Sociology and criminology students at Valpo receive a broad education that combines the best of the liberal arts tradition with the practicalities of job-related skills. The sociology major is streamlined enough to allow for a second major. Some Valpo sociology students choose to increase their learning and hiring potential by double-majoring in fields such as business, political science, social work, or psychology, just to name a few.
Samyra Leonard, Sociology & Social Work, May 2019 Graduate
Tell us a little about your time since graduating from Valparaiso.
I am attending the University of Illinois at Urbana-Champaign to pursue my Master of Social Work with a concentration in Leadership & Social Change. I am also in the process of applying to the PhD program at UI. Currently, I am a Resident Advisor at Alpha Epsilon Phi and a Program Assistant for CU Trauma and Resiliency, an organization that helps communities, organizations, and local governments adopt trauma-informed practices and policies.
How has your experience in the Sociology/Criminology department helped you in graduate school?
The Sociology/Criminology department has helped prepare me for graduate school in numerous ways. First, the department helped me discover my passion for substance use disorders and mental illnesses by educating me about sociological theories and how these individuals are affected by the criminal justice system. Discovering this during undergrad gave me direction for selecting internships and my concentration. Second, the professors helped me to strengthen my critical thinking skills and writing ability, which will translate through to your future career. Lastly, one of the professors provided me with the opportunity to assist with conducting and analyzing research, which I would not have had otherwise. We often focus solely on the implementation of policies and direct service from practitioners but having the ability to disseminate research and critically analyze data will benefit you in graduate school, especially if you want to pursue a doctorate degree.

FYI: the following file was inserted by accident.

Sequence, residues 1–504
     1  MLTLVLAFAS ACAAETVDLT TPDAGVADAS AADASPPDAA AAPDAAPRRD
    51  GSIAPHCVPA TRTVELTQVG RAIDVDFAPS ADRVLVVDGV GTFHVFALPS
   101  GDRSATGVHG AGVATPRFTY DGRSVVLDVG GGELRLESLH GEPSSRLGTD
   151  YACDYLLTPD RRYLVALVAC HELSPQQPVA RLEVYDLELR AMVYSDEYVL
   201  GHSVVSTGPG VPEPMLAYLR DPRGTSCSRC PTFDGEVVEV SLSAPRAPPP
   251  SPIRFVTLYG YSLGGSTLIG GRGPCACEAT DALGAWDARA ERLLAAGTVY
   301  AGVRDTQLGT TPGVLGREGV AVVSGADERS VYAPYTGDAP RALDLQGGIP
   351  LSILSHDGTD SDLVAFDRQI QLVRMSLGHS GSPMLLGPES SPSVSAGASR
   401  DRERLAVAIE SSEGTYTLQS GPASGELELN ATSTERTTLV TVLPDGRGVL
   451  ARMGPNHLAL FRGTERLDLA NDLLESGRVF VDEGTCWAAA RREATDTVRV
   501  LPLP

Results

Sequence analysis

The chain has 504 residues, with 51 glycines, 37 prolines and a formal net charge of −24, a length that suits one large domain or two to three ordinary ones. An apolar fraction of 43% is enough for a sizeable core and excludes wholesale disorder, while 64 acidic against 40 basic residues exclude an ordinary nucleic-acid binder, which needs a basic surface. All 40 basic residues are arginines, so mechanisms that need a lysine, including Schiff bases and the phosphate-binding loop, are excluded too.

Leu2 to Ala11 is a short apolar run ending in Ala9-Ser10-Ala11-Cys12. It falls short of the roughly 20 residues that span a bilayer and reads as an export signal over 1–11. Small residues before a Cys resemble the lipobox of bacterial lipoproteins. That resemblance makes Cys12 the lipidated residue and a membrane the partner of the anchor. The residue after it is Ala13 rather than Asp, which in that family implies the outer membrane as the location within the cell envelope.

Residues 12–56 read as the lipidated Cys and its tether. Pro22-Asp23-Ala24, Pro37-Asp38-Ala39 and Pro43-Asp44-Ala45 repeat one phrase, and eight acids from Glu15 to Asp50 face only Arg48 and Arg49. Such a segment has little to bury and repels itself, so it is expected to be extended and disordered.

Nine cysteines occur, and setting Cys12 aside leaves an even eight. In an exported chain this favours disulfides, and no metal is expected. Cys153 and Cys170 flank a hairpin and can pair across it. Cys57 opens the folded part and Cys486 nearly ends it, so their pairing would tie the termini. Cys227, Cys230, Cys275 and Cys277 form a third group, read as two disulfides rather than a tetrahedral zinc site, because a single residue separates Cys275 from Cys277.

What was your favorite course in the Sociology/Criminology department?
My favorite course was definitely ‘Criminological Theory’ because I love learning about theories! Also, the course did a great job explaining how to apply the theories to criminological behavior and deepened my understanding of how the criminal justice system categorizes criminals and attempts to use certain punishments to address crime.
What advice do you have for current students when preparing for a pathway like yours?
My advice for current students would be to take advantage of the mentoring you receive from professors, push to make your internship fit your learning needs, and if you can, get involved or learn about professors’ research. Also, value the critical feedback you receive about your writing and analytical skills because these are two of your most valuable skills as a graduate student.
Recent Sociology/Criminology job placements:
Macy Mullins ’18, U.S. Probation Officer, U.S. Probation and Pretrial Services
Abby Wichlinski ’18, U.S. Probation Officer, U.S. Probation and Pretrial Services
Hannah Chapman ’17, Case Manager, Porter County PACT
Corrina Qualls ’16, Upward Bound, Boys and Girls Club of Greater Fort Worth
Kelly Chavez ’15, Assistant Director of Civic Engagement, University of Chicago
Tanysha Gardner ’15, Lead Teacher, Teach for America
Erica Gilbert ’15, Forensic Scientist IV, Indiana State Police crime lab
Carmyn Hamblen ’15, Trooper, Indiana State Police
Andy Burns ’14, Deputy Sheriff, McLean County Sheriff’s Department, IL
Natalie Zibolski ’13, Victim’s Service Specialist, State of Wisconsin’s Department of Justice
Recent Sociology/Criminology graduate school attendance:
Samyra Leonard ’19, MA in Social Work at the University of Illinois at Urbana-Champaign
Megan Gilliam ’19, School of Criminal Justice at Michigan State University
Kelly Chavez ’15, MA in the School of Social Service Administration at the University of Chicago